I like health Web sites and tech start-ups. I think the democratization of medical information is a beautiful thing. It’s a cliche that you can find out more about a hotel than a doctor with a few Google searches. I love how that’s starting to change. I also think that electronic medical records will improve health care over the long haul.
But I am also cynical about the idea that technology is some sort of panacea all that ails the sector. I read Michael Lewis’s book The New New Thing when it came out in 1999. There’s a great anecdote in it about Netscape founder Jim Clark. He was looking for another big challenge and decided–this was 1996–that all that was missing from health care was good software. So he started Healtheon. To Clark it was just a matter of writing some really good code and all the inefficiencies and paperwork that bedeviled the industry would go away. His business plan was a flow chart showing how software cuts out paperwork. It was simple.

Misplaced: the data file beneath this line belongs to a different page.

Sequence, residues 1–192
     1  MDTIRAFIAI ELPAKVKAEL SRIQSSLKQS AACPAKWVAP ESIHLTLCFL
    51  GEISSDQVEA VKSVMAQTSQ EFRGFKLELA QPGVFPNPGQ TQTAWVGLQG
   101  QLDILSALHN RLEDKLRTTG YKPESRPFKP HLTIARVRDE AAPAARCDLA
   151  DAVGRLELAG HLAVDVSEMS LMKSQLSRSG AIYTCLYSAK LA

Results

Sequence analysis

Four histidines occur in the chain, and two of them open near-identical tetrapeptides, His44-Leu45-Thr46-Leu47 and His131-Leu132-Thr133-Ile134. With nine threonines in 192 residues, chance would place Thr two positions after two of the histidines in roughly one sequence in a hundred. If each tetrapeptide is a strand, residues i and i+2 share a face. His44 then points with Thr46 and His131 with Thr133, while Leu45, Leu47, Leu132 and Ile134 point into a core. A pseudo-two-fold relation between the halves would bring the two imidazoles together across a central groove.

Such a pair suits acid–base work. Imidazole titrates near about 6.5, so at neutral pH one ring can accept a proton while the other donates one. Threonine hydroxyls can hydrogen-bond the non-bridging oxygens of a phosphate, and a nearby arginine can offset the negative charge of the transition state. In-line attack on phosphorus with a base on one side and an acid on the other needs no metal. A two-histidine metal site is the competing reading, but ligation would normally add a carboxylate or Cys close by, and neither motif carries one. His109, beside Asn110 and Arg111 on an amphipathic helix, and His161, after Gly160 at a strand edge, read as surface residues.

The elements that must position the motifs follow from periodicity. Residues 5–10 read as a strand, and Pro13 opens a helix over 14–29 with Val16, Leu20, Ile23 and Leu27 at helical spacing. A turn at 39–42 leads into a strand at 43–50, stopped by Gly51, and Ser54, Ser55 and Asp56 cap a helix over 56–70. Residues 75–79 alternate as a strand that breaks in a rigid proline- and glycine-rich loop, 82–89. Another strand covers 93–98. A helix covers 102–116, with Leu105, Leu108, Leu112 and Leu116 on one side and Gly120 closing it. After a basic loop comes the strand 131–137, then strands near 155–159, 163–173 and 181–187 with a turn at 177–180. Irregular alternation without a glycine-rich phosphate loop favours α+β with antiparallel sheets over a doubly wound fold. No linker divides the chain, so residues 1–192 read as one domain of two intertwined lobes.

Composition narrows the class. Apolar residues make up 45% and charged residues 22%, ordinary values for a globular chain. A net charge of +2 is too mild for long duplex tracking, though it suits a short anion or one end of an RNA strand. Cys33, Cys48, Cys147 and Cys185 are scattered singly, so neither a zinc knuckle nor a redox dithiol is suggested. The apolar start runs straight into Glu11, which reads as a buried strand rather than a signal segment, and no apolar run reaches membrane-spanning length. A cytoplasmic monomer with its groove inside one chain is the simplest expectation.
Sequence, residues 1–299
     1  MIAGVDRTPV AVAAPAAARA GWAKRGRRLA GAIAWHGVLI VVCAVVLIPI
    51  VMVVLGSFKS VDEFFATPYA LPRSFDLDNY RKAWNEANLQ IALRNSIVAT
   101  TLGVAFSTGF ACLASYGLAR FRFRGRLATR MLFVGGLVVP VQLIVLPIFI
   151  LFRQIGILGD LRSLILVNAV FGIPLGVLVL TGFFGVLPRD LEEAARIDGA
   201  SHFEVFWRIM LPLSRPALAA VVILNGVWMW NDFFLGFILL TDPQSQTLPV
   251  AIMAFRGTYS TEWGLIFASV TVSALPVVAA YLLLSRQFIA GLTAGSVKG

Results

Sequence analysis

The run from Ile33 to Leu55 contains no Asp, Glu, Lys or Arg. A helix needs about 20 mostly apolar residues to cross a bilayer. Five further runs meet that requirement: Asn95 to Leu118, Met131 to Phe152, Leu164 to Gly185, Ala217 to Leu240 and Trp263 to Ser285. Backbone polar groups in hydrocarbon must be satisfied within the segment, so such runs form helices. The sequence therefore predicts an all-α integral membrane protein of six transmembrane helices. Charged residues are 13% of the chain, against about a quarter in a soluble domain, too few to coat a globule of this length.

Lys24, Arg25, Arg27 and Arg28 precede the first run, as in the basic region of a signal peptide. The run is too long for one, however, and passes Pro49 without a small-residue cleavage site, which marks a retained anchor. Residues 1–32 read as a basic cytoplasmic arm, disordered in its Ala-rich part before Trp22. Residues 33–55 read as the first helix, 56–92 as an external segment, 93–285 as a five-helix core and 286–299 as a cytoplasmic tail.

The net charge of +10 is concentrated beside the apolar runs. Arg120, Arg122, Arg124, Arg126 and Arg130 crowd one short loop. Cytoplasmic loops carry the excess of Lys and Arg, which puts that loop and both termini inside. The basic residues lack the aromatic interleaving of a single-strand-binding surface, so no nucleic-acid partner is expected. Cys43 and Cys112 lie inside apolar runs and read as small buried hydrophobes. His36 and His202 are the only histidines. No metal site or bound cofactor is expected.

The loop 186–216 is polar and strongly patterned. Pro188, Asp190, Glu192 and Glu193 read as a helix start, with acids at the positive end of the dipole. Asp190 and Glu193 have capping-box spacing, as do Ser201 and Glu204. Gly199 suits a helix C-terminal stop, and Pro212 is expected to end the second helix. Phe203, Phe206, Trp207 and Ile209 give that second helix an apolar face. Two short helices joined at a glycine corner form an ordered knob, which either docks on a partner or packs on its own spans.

Flash forward and Healtheon is buried somewhere deep inside WebMD. There’s still a lot of waste and paperwork that hasn’t gone away.
Since Clark there has been a parade of other ambitious health-tech entrepreneurs. Do you remember the search engine Wondir? Or the comparison-shopping site Vimo? Or Carol.com? How about Steve Case‘s modestly named Revolution Health? What about Subimo?